Teens' mental states considered in beating case

Five teenagers charged with beating Terence Reese and breaking his jaw in March will have to keep waiting to find out whether they'll be tried in Superior Court -- which would have them facing prison sentences seven times longer than they could be given as minors.


A juvenile court hearing Friday ended with Judge Willie Saunders pledging to release a written decision on whether to try the teens -- Ross Nipple, 15; Berten Blockett, 16; Joshua Plowright, 14; Mark Daniel Richard Musick, 14; and Brandon Mansson, 14 -- as adults, but not stating a specific timetable for the decision.

If convicted of aggravated battery and criminal gang activity in juvenile court, they could be committed to the Department of Juvenile Justice for a maximum of five years, with the department deciding at what point they could be released or placed on probation.

But in Superior Court the aggravated battery charge carries a sentence of one to 20 years, and the gang charge a sentence of five to 15 years.

On the final day of the hearing -- which was postponed last week -- attorneys listened as two psychologists testified to the teens' dispositions and mental fitness. Dr. Adrienne Davis, a forensic psychologist with East Central Regional Hospital, said Plowright suffers from ADHD, depression and had attended special education classes since the third grade.

Musick has an IQ of 127 -- in the superior range -- and Davis recommended he be in a mentorship program and be enrolled in classes that support his academic strengths. She also advised therapy and substance-abuse counseling for the teen.

Dr. Joseph Frey, a private-practice psychologist who examined some of the teens, said Blockett seemed "egocentric," prone to aggressive behavior and has little understanding of the impact of his actions on others.

Mansson suffers from a form of conduct disorder, in which he displays disregard for "people, persons and animals."

But in other tests he expressed a "sense of regret" for the beating, Frey said. Nipple was polite but superficial.

"His stories contained themes of lost family conflict as well as stories of violence and aggression," Frey said.

Cyrus King, an intake worker for the Department of Juvenile Justice, testified that he felt the teens could be treated within the juvenile justice system based solely on their lack of previous criminal history.

Authorities allege that four of the suspects -- Blockett, Plowright, Mansson and Musick -- are members of the Apple Valley Posse gang, based off Mike Padgett Highway, while Nipple claimed to be in the Bloods gang.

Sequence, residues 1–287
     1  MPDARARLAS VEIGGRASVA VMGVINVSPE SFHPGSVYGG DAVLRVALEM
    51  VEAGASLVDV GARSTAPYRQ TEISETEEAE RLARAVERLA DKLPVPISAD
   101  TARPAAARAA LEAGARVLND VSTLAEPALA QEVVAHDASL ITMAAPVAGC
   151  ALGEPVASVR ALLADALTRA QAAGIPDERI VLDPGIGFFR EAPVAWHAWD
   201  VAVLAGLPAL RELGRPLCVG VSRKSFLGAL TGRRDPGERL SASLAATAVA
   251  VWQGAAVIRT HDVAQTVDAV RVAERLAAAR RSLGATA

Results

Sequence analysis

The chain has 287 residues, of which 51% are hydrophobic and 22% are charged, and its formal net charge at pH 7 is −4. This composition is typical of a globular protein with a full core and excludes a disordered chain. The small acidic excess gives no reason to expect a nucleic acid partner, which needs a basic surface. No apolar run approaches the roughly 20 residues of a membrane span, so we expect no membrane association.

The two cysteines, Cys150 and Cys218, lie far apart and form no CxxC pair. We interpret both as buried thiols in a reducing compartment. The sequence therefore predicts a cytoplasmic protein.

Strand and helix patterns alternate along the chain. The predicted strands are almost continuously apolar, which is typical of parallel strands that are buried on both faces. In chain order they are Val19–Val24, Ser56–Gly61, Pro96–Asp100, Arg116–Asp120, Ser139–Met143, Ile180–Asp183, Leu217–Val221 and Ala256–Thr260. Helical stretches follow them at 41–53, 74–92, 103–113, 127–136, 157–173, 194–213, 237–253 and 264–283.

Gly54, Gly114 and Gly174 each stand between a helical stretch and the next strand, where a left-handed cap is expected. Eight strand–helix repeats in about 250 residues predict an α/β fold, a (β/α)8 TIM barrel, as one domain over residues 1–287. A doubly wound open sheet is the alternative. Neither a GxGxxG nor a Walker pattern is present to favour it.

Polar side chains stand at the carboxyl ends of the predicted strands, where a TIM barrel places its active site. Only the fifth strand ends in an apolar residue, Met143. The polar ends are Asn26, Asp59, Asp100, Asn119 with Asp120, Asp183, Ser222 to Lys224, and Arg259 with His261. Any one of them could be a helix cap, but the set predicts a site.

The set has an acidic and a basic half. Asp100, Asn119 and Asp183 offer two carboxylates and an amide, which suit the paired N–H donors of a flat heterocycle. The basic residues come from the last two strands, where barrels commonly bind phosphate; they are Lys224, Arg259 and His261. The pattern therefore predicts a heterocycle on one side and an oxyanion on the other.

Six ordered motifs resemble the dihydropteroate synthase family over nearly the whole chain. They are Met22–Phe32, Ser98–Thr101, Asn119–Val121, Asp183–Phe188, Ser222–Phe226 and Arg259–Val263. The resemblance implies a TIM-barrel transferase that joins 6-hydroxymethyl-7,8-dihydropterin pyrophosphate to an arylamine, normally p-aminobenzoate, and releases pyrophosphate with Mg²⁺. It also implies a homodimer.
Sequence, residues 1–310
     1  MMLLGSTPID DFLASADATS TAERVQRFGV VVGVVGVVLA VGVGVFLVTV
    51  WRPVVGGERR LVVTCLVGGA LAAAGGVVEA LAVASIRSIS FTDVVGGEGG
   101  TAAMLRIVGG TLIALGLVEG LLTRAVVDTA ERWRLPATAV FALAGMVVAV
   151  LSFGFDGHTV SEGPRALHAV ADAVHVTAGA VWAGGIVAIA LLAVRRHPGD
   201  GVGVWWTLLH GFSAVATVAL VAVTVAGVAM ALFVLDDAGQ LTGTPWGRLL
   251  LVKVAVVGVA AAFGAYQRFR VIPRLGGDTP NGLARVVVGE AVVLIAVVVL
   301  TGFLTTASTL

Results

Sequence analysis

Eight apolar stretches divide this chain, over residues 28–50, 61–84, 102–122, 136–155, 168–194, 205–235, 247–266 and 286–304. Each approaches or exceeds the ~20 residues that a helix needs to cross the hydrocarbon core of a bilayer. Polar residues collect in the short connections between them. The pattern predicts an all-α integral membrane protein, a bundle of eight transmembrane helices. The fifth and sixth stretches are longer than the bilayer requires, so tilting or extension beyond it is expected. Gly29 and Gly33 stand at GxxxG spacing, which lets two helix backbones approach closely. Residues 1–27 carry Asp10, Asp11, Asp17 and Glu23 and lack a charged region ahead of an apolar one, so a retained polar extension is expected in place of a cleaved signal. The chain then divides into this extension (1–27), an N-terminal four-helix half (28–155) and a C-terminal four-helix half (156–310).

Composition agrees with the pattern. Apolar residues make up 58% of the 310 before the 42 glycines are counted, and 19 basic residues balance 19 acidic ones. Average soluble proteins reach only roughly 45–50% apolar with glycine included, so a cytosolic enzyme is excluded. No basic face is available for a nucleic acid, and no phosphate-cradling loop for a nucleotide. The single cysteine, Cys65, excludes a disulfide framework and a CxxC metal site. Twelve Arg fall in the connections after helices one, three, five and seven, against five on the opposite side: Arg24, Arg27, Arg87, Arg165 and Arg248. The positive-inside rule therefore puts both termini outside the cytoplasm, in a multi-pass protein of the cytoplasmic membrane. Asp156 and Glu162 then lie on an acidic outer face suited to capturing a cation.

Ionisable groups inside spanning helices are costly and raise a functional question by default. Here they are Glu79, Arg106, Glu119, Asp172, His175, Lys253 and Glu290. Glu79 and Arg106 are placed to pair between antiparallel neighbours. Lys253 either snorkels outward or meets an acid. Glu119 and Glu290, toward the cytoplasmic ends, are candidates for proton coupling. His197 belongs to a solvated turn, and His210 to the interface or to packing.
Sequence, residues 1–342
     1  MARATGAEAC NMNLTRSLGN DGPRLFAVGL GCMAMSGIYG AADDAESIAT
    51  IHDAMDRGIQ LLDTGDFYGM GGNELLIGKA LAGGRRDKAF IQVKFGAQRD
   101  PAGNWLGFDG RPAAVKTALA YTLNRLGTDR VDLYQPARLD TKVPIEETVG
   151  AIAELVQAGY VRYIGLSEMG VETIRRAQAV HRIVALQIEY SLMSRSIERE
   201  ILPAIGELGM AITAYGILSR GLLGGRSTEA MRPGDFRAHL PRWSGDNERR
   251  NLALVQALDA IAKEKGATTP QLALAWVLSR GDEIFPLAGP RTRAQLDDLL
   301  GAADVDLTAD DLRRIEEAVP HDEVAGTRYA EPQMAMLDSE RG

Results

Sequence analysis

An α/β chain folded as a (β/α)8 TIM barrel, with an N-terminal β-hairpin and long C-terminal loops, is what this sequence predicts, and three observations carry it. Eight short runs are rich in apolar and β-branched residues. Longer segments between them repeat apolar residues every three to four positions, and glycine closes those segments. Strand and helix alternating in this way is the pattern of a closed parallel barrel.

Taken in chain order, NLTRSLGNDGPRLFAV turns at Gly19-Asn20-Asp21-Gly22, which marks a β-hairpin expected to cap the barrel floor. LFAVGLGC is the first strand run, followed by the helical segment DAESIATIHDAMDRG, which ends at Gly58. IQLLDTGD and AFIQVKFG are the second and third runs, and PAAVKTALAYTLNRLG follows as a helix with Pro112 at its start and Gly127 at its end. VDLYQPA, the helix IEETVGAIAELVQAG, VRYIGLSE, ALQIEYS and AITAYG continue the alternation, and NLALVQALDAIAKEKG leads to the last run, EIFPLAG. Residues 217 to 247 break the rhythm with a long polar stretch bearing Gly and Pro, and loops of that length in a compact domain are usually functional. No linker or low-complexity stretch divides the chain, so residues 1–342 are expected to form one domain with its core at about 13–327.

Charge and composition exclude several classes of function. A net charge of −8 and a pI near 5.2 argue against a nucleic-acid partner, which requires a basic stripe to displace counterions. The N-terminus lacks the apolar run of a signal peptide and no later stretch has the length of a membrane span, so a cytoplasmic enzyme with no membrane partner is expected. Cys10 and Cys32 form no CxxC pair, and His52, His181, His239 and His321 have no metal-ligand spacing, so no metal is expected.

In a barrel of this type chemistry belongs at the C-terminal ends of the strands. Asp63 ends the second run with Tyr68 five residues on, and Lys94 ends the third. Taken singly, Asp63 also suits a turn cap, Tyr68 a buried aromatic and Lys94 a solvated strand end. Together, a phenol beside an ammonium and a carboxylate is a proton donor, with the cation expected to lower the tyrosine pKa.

The teens are accused of ruthlessly beating Reese as he was walking home from school on Circular Drive in an activity called "locking down the block."

Reach Adam Folk and Johnny Edwards

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Notes on mental evaluations

In a hearing Friday to determine whether the five teens charged in the beating of Terence Reese should be tried as adults, forensic psychologists Adrienne Davis and Joseph Frey testified that none of them were mentally retarded or mentally ill, which would have been a legal barrier to transferring the case to Superior Court.

Among the doctors' other comments regarding the five:


- Little apathy for others, egocentric, arrogant and prone to aggressive behavior

- Reported that he smoked marijuana six to seven times per day


- Meets criteria for a serious conduct disorder, wherein a person displays disregard for people, property or animals in a repetitive manner and usually moves on to adult criminal behavior

- Gave the following answers on a fill-in-the-blank psychological test: I like ... to ride my bike; I regret ... watching that boy get beat up; I feel ... sad for the boy 'cause his jaw is broken; I can't ... stop thinking about that Monday afternoon.


- Has an IQ of 127, which is considered in the "superior" range

- Wanted to join the Marines and become an engineer. Said he wasn't in a gang


- Polite, superficial, self-centered, shows feelings of superiority and lacks respect for family members.

- Gave the following answers on a fill-in-the blank psychological test: Sometimes ... people junk talk gets to me; Dating ... is something I always do; Most girls ... like my swag.


- Has been in special education classes since third grade

- Has a history of attention deficit hyperactivity disorder (ADHD) and depression

- No signs of violent tendencies noted

Source: Adrienne Davis, forensic psychologist at East Central Regional Hospital-Augusta (evaluated Musick and Plowright); Joseph Frey, a psychologist in private practice specializing in forensic and business-oriented psychology (evaluated Blockett, Mansson and Nipple)